This code allows you to explicitly choose mote107, rather than allowing Emulab to select a mote on your behalf. Those who require very specific wireless network topologies may wish to use this command.

You can use the WSN Connectivity Applet to choose specific motes with desired link quality. Then, using the mechanism above, you can bind the specific mote you want to a node name in your experiment.

Custom Mote Applications

Uploading your own code to run on the motes is easy. Just build your TinyOS app normally (ie. 'make mica2'). Then, upload the binary that gets placed in build/mica2/main.srec to our mote image creation page. This page will ask you for a 'descriptor'. This descriptor can then be used in tb-set-node-os lines in your NS files, and your app will be automatically loaded on the appropriate mote(s).

Alternatively, if you don't have a local TinyOS build environment, just load ours onto an Emulab PC in your experiment. You can do this by setting the node operating system to RHL90-TINYOS using the tb-set-node-os command (as shown in the Emulab tutorial). This image is based off Emulab's default RedHat 9.0 image and has an installation of a TinyOS 1.1.14 CVS snapshot. When you log in to the node, the $TOSROOT and $TOSDIR environment variables will be set to /opt/tinyos-1.x and /opt/tinyos-1.x/tos, respectively. Your $CLASSPATH variable will also include the TinyOS Java paths necessary to run many common Java applications supplied with TinyOS. Also, at the current time, all of our motes have radios in the 900MHz band, so see the TinyOS CC1000 radio document to make sure you're tuning the radios to the right band.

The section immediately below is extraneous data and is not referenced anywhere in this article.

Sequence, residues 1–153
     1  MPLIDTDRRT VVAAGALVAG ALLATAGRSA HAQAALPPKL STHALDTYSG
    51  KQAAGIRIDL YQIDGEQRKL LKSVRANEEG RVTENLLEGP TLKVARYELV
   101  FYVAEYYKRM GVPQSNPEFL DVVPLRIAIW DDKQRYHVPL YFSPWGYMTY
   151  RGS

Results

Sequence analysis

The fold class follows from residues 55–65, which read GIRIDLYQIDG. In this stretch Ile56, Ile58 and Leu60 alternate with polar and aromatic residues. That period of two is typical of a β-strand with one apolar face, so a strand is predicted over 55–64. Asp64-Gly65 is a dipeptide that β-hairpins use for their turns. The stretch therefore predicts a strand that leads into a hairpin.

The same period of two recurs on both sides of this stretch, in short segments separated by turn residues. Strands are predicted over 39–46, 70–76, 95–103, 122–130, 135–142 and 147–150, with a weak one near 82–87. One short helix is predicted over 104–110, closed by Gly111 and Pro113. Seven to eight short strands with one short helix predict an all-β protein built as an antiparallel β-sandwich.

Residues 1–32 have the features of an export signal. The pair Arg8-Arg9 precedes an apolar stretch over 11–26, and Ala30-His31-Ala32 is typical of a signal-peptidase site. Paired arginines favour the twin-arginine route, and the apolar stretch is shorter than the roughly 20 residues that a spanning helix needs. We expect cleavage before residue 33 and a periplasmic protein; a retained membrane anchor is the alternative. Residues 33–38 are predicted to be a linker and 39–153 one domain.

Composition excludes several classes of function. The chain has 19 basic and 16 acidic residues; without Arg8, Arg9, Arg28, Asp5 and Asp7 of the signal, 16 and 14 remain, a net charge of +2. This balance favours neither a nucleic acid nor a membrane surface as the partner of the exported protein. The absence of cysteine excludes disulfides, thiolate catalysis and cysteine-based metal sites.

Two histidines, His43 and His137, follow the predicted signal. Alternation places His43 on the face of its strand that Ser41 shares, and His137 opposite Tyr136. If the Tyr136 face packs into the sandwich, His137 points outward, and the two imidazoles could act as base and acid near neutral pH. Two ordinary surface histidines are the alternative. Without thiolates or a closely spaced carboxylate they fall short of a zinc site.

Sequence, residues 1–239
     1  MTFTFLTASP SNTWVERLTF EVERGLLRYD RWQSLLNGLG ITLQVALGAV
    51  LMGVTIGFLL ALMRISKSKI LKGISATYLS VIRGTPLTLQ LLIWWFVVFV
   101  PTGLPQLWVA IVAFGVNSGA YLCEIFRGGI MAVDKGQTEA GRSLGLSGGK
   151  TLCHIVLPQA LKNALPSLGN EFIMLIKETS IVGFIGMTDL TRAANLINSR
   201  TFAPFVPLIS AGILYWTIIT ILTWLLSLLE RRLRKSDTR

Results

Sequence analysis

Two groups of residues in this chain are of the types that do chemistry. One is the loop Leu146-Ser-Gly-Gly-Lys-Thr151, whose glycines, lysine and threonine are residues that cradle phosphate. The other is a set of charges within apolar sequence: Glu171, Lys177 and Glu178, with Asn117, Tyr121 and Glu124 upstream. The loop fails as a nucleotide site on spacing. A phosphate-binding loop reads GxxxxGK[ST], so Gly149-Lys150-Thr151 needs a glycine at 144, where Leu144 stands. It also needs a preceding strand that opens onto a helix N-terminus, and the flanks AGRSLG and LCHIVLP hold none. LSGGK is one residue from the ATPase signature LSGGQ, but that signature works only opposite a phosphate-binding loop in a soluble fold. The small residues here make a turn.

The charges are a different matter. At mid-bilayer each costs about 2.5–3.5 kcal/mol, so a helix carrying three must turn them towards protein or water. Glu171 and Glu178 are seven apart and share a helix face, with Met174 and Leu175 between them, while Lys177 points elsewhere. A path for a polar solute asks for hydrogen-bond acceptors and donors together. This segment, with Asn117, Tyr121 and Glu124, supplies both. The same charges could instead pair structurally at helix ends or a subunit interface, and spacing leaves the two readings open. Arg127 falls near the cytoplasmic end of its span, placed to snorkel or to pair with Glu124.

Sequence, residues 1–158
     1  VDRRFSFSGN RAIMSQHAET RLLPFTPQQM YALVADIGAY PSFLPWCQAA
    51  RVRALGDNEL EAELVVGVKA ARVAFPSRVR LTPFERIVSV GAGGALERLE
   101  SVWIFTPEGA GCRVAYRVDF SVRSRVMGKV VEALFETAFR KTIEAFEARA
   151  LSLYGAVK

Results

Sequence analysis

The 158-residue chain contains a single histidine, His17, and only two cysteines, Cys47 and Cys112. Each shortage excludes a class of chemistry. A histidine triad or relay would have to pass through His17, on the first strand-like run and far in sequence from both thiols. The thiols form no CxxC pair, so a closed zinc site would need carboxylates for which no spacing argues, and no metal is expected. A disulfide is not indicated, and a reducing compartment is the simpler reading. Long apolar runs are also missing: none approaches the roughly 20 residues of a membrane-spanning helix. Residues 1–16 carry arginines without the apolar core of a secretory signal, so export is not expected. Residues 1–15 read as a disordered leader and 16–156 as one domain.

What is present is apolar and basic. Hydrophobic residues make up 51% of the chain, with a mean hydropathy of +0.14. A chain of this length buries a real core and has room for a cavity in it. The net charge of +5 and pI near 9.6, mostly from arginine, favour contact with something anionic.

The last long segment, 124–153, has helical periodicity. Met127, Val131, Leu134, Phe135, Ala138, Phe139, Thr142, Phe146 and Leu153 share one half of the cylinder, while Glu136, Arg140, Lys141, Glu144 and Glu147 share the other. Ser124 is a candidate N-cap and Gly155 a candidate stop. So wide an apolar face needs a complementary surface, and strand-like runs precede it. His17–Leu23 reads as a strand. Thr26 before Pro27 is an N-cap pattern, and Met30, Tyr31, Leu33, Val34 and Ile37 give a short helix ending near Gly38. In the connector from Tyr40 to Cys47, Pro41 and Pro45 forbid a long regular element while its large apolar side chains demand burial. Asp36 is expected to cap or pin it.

When you inevitably make changes to your code, you can simply place the new kernel in the path that was automatically constructed for you by the image creation page; the next time you use that OS in an NS file, the new version will be loaded. If you'd like to load your node code onto your motes without starting a new experiment, you have two options: